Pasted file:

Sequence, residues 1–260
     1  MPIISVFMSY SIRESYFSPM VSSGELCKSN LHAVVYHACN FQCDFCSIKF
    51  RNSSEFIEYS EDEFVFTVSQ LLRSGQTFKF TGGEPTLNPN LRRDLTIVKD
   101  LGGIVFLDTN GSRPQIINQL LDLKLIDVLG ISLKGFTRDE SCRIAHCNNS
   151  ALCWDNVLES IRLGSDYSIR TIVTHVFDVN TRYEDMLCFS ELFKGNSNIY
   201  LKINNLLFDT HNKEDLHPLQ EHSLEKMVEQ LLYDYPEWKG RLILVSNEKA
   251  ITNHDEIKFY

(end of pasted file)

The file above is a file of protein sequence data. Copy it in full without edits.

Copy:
Sequence, residues 1–260
     1  MPIISVFMSY SIRESYFSPM VSSGELCKSN LHAVVYHACN FQCDFCSIKF
    51  RNSSEFIEYS EDEFVFTVSQ LLRSGQTFKF TGGEPTLNPN LRRDLTIVKD
   101  LGGIVFLDTN GSRPQIINQL LDLKLIDVLG ISLKGFTRDE SCRIAHCNNS
   151  ALCWDNVLES IRLGSDYSIR TIVTHVFDVN TRYEDMLCFS ELFKGNSNIY
   201  LKINNLLFDT HNKEDLHPLQ EHSLEKMVEQ LLYDYPEWKG RLILVSNEKA
   251  ITNHDEIKFY